attention of the Emperor Joseph and of Frederick the Great, by whose * DAHL, JOHANN CHRISTIAN, one of the most eminent of the influence, in 1787, he was chosen coadjutor in the archbishopric and moderu German school of landscape painters, was born at Bergen in electorate of Mainz, to which, on the death of the archbishop in 1802, Norway, February 24th, 1788. He was originally designed for the he succeeded, as also to the dignity of archchancellor of the empire. church, but on reaching manhood abandoned the study of theology By the treaty of Luneville however the electorate was abolished, part for that of art, to wbich he had been inclined from childhood. In of the territory surrendered to France, and the remainder secularised. 1811 he went to Denmark; some years later he removed to Berlin; In order to recompense him in some degree, the districts of Ratisbon, and he then proceeded to Rome, where he enjoyed the friendship and Aschaffenburg, and Wetzlar were assigned to him. advice of Bartholdy and Thorwaldsen. Since 1821 he has resided at In 1804 Dalberg went to Paris to arrange with Pope Pius VII. the Dresden; he has been largely patronised by the court and leading affairs of the German Roman Catholic Church, and to obtain, if possiadmirers of art in Denmark, and has seen his reputation extend ble, some milder terms from Napoleon. This journey brought him throughout Germany, and his pictures find purchasers among the into ill repute with his countrymen, who, from the extreme comcollectors of England and America. Dahl has painted many views of plaisance he evinced, naming Cardinal Fesch as his successor, and Italian and Tyrolean scenery, and not a few landscape compositions ; becoming a corresponding member of the Institute, believed that he but it is by his representations of the remarkable scenery of his had sacrificed his country in order to for ard his own preferment. native country that he is best known, and on them his fame will He certainly became a favourite with Napoleon, who caused him to be depend. To an eye accustomed to the rich colouring of the Italian made Prince-Primate of the Rhenish Confederation, and President of masters and the freshness of that of the English landscape painters, the Assembly of the States. In 1810 he surrendered the principality there is much that is unsatisfactory in the colouring of Dahl's land of Ratisbon to Bavaria, and Napoleon in consequence created him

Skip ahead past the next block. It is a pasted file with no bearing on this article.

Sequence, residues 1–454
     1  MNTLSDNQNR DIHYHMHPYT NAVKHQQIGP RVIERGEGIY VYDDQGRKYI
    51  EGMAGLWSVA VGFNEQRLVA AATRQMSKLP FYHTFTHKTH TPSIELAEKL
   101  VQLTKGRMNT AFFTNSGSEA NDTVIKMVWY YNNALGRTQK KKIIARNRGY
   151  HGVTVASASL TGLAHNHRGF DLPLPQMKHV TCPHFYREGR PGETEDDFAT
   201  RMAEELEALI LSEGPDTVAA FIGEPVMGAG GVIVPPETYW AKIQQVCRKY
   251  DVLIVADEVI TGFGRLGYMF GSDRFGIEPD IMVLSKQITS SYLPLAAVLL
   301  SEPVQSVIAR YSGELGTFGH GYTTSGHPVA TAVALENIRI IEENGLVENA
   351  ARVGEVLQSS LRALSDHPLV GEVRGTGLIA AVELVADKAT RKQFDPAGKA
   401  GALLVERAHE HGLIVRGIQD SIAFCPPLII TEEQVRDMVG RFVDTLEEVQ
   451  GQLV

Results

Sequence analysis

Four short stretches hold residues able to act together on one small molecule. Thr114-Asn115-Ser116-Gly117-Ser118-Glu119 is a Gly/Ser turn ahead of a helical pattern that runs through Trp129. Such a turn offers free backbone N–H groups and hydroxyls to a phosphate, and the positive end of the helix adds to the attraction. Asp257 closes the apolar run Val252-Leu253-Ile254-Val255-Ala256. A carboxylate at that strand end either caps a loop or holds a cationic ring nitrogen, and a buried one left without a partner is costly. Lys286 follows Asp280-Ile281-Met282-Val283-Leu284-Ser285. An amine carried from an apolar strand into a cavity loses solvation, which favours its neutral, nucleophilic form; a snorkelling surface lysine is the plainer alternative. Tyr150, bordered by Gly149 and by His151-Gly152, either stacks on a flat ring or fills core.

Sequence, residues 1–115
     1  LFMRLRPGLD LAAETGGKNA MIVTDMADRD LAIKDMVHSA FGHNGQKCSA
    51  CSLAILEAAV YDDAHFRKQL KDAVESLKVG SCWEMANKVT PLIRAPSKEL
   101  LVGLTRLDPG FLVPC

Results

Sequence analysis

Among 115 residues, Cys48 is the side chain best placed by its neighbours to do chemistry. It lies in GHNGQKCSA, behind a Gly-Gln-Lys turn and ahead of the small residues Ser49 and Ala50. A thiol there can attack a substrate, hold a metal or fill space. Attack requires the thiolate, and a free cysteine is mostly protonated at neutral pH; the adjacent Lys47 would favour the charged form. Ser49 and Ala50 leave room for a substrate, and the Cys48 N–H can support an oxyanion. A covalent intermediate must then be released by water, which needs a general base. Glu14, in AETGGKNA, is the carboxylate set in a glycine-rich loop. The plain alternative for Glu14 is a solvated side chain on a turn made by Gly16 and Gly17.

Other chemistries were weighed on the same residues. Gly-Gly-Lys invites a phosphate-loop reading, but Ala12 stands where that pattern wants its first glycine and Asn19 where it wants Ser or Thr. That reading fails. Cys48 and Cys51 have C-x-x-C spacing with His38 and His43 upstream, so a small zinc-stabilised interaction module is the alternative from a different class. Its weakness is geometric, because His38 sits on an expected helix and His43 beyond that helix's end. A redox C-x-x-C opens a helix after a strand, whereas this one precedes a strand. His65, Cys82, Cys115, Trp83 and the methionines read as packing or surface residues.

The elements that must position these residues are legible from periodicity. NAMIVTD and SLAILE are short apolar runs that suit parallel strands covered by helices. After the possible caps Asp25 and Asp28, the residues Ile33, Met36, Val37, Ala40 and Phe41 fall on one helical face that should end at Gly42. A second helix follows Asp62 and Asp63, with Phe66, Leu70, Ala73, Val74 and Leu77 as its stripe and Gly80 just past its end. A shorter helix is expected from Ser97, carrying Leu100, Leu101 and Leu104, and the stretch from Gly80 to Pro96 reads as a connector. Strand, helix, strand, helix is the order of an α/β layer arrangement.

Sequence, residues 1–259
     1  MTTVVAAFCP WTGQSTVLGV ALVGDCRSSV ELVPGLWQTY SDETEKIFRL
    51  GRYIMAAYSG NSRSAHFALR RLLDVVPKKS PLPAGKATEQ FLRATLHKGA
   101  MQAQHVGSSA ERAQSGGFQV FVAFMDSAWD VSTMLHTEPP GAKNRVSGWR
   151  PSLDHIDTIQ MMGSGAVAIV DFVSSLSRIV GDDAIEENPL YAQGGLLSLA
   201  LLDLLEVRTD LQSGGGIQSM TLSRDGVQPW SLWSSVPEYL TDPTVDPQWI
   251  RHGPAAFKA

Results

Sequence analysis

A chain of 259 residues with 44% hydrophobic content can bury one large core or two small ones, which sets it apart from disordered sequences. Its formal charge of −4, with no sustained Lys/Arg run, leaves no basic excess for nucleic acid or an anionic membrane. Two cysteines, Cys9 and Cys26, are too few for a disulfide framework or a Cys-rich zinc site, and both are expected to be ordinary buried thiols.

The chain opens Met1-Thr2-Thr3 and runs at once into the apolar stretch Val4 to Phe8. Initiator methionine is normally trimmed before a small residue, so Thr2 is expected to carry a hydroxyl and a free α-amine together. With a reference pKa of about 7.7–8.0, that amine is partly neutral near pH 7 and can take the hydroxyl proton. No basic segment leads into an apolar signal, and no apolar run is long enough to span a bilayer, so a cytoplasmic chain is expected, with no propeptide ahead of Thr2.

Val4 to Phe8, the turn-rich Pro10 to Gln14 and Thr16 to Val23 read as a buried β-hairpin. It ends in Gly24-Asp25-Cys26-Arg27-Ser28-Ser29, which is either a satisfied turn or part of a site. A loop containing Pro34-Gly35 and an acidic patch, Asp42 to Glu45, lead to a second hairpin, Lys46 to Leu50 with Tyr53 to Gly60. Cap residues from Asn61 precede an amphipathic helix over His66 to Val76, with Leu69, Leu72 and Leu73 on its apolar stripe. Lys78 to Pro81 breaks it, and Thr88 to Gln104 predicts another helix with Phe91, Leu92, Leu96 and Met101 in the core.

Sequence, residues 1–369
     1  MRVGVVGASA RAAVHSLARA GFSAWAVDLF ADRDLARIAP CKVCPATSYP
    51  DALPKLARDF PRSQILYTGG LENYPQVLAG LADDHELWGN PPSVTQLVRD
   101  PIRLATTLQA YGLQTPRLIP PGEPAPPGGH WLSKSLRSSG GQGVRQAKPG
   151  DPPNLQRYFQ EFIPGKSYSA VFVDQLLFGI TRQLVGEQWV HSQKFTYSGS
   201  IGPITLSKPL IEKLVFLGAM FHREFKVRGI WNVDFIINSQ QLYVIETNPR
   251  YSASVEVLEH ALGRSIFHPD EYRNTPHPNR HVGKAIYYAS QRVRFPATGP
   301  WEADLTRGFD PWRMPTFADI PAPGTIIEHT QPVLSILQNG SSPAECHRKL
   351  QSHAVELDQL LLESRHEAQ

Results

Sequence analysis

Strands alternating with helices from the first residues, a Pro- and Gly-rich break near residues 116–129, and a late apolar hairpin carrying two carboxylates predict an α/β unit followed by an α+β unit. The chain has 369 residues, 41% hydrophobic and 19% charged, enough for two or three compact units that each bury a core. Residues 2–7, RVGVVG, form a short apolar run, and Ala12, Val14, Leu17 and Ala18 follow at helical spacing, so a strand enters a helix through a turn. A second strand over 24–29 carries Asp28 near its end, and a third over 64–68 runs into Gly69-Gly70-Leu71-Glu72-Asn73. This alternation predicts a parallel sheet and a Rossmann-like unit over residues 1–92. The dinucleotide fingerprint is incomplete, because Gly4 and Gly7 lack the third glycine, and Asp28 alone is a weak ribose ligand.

Grand-Duke of Frankfurt, with a condition that Eugene Beauharnois, had subsequently taken place to the end of 1796: these form the Napoleon's step-son, should be named his successor instead of Cardinal subjects of a volume which was published separately. Fesch. Dalberg's grandeur however was very evanescent. In 1813 he In the year 1799, on the formation of the Royal Military College was forced to renounce all his secular acquisitions, and withdraw him at High Wycombe, Dalby was appointed professor of mathematics in self to his spiritual duties as archbishop of Ratisbon, the only dignity the senior department of that institution. He continued to hold that he retained, and in that town he died on the 10th of February 1817. appointment during the years that the department to which he

Throughout his career Dalberg maintained his character for active belonged remained at High Wycombe, and subsequently to its benevolence. During his last residence at Ratisbon, notwithstanding removal to Farnham in Surrey; but in 1820, it being then united to his age, he fulfilled the duties of his office in an efficient and con- the junior department at Sandhurst in Berkshire, his infirmities scientious manner, relieving the poor, assisting the industrious, encou-obliged him to resign. , He continued however to reside at Farnham raging the good, and reproving the bad, alike by his example and his till his death, which took place October 14, 1824, when he was in the discourse, in which he was never severe or impatient. As a scholar eighty-first year of his age. his reputation was very high, and there were few branches of art or His attention to his duties was unremitting; and besides his conscience of which he had not considerable knowledge. His writings tributions to the · Ladies' Diary' and other works, he wrote for the were chiefly on subjects of practical philosophy and ästhetics, which use of the Military College, a valuable Course of Mathematics,' in a winning eloquence of style rendered very popular. The principal 2 vols., which, with successive improvements, extended to a sixth are, ‘Betrachtung über das Universum ("Contemplations of the edition. Universe'), 1777; Grundsässe der Æsthetik' ('Principles of Æs- (Leybourn,